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All programming is just converting one data-set into another data-set, and then sometimes finding a way to display that data-set.
TLD: True, but...
I'm a pseudo-coder. I know enough to be dangerous, and know that's a bad thing, but typically I'm considered to be highly code literate and "techy" by normies. Because this veneer of tech has intersected strongly with my employability, in-between spaces are weird. This really got me thinking, and I wanted to share my thoughts.
I typically think about programming as a literacy. This is because I've trained as a librarian, and because I teach really basic programming, mainly web and data stuff. Thinking about programming as a literacy explains why its a difficult skill for most people to grok. Reading isn't an easy skill to build, we spend years learning how to read and write to communicate, and still manage to do it poorly. Programming is doing the same thing but with an added level of complexity. Your communicating with a machine, and what your telling it has is being interpreted by a third party. Also if you want to get human meaning on the other side, you have to think about communicating with people again, and all the challenges there in. Still for most people, its an another form of technical writing, with mathematical literacy and formal logic layered on top of it.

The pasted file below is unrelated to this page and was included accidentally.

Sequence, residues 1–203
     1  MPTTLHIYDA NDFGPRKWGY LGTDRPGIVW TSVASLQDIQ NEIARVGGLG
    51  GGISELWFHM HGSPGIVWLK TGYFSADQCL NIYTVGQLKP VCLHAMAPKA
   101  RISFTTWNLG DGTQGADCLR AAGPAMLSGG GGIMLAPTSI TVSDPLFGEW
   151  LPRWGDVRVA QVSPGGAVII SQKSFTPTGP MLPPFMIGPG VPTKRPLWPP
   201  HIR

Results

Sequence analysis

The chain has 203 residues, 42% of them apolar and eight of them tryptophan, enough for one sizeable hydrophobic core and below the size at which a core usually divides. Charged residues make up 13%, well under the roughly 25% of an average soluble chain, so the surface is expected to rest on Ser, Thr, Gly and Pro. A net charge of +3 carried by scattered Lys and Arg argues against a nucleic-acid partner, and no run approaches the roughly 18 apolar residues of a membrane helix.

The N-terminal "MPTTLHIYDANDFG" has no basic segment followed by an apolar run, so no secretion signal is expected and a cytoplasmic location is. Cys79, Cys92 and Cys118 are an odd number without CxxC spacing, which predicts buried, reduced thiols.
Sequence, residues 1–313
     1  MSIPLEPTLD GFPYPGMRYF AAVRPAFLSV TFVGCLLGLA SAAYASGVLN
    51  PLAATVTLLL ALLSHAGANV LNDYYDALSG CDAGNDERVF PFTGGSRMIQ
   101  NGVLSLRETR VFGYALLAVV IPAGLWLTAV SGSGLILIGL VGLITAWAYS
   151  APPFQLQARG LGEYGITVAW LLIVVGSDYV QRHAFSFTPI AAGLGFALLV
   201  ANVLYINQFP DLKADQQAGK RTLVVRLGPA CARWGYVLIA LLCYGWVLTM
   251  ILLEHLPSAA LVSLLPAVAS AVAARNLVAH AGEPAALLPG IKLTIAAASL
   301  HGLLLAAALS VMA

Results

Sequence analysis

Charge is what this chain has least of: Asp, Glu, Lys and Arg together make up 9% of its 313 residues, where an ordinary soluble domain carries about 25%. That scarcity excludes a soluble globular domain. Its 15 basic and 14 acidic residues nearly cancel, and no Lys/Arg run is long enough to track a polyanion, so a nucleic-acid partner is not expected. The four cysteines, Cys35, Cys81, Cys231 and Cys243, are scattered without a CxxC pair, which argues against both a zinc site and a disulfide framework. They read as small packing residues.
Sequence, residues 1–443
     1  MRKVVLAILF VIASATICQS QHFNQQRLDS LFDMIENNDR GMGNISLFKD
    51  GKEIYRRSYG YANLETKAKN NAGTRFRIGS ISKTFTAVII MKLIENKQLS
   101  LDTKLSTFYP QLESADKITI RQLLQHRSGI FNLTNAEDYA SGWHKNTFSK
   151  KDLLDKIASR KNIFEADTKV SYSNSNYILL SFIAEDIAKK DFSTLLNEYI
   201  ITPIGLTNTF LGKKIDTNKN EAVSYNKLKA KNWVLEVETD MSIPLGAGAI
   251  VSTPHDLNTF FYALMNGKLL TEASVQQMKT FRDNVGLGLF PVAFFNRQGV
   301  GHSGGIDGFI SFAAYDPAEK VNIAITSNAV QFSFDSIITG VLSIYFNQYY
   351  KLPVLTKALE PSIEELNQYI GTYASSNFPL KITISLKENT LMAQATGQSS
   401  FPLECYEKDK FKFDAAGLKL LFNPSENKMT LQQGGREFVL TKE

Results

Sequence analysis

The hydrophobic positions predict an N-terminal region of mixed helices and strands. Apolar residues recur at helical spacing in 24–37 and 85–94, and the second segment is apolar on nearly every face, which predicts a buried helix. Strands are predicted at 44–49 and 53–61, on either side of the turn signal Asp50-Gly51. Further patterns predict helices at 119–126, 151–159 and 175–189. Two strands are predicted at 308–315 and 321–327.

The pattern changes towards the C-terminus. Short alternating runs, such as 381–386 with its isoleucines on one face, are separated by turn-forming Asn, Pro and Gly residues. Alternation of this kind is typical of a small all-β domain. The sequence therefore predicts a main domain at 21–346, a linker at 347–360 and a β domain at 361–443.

Programming is also more than just data-set to data-set conversion on a deeper level. You're also converting mediums, unless you're lucky enough to be working purely at a machine level. It's taking a painting and turning it into a sculpture, or radio waves and embodying them as sound. What ever data-set your using has to be converted to and represented in binary, except, again, in rare instances. In essence every time you write code, your ripping a cd, just instead of audio, you're producing textual data with semantic meaning meant to direct the machine to do XYZ tasks on QRS, collection of bytes.
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